Marshall Islands Gov Produces National Budget

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Pacific Islands Development Program, East-West Center With Support From Center for Pacific Islands Studies, University of Hawai‘i

Cut Mitigation Plan
Private sector not consulted at event to address 15% across board
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By Giff Johnson

MAJURO, Marshall Islands (Marianas Business Journal, July 13, 2014) – The Marshall Islands government ignored the private sector in what was billed as a "national budget consultation" held for two days in early July. But the event, which was attended by about 70 high-level government officials, including key elected leaders, produced a plan of action to mitigate announced plans for a 15% across-the-board cut to the government's fiscal 2015 national budget.

The consultation was held largely as a result of U.S. government insistence that the Marshall Islands produce a credible plan to address the annual $500,000 decline in funding through the Compact of Free Association. But at the outset of the budget session, parliament Speaker Donald Capelle told participants the work they were to do in the two-day gathering was essential for the benefit of the country.

Capelle joined Acting President David Kabua and Minister Wilbur Heine in chairing the budget consultations that included the three leaders heading two breakout groups that painstakingly reviewed ministry budgets, subsidies and revenue sources and then compared notes to formulate final recommendations to the national government.

Despite the significant omission of participation by the Marshall Islands Chamber of Commerce and key non-government organizations, the consultation was significant because it involved a wide-range of government decision makers jointly reviewing revenue and spending trends and developing budget recommendations that, if incorporated into ongoing government budget preparation, could help mitigate the government's announced 15% budget reduction for fiscal 2015 that begins Oct. 1.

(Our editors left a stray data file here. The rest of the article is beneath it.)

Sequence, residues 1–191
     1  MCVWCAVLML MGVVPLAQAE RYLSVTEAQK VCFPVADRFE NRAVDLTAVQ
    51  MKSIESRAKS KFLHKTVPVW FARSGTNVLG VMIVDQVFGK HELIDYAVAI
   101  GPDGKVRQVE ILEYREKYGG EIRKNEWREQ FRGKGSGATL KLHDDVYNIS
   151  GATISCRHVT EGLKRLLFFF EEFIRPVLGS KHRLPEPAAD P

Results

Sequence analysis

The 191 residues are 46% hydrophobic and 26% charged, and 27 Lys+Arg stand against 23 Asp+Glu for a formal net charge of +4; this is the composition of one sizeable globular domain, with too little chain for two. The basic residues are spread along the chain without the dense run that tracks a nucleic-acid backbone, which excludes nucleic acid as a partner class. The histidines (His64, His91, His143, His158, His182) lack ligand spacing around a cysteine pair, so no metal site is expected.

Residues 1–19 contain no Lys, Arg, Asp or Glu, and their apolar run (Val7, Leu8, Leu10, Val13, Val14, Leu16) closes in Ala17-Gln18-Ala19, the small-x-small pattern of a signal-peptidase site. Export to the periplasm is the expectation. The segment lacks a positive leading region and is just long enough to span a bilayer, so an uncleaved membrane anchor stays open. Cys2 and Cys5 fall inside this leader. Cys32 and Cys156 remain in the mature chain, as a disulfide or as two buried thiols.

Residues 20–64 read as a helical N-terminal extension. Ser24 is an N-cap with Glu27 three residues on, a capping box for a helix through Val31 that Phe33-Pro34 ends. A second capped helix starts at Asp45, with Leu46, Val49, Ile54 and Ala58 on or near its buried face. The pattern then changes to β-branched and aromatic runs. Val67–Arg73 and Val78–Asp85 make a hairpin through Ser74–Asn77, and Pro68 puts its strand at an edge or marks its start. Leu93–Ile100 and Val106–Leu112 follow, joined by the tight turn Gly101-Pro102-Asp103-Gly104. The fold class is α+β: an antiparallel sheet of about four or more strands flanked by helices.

"The leaders identified a range of tax and revenue measures, which if implemented, will mitigate the need for some of the identified expenditure reduction options that otherwise would be necessary," said a statement issued at the end of the meeting and signed by the three chairs as well as Finance Secretary Alfred Alfred Jr. "In addition to tax reform, these measures include anticipated fisheries revenues derived from the efforts of the Marshall Islands Marine Resource Authority, a modest reduction in planned subsidies to state-owned enterprises and a reduction in the special appropriation for Majuro electricity."

While fisheries revenue has soared in the past three years due to the Marshall Islands' membership in the Parties to the Nauru Agreement fisheries bloc, national budgets have not included the full amount of revenue, which has prevented parliamentarians from appropriating all of the revenue through normal budget processes.

A key question for the country that is heavily dependent on U.S. funding is how to adjust to lower grant levels by replacing U.S. funding with locally generated revenues or by cutting the number of workers or service areas. Funding from fisheries, which has jumped from about $2 million to more than $10 million in just four years, gives the government new options. These decisions have a major impact on the private sector, which depends largely on providing services to government.

At the end of the two-day number-crunching session, Capelle, Kabua, Heine and Alfred issued a statement saying the leaders "agreed to the compelling rationale for the Republic of the Marshall Islands to develop its own comprehensive and credible plan that addresses external concerns while, more importantly, appropriately expressing the Republic of the Marshall Islands' own needs and priorities within its current fiscal constraints."

Capelle told participants that the recommendations from the meeting will be used by the parliament as it formulates upcoming national budgets.

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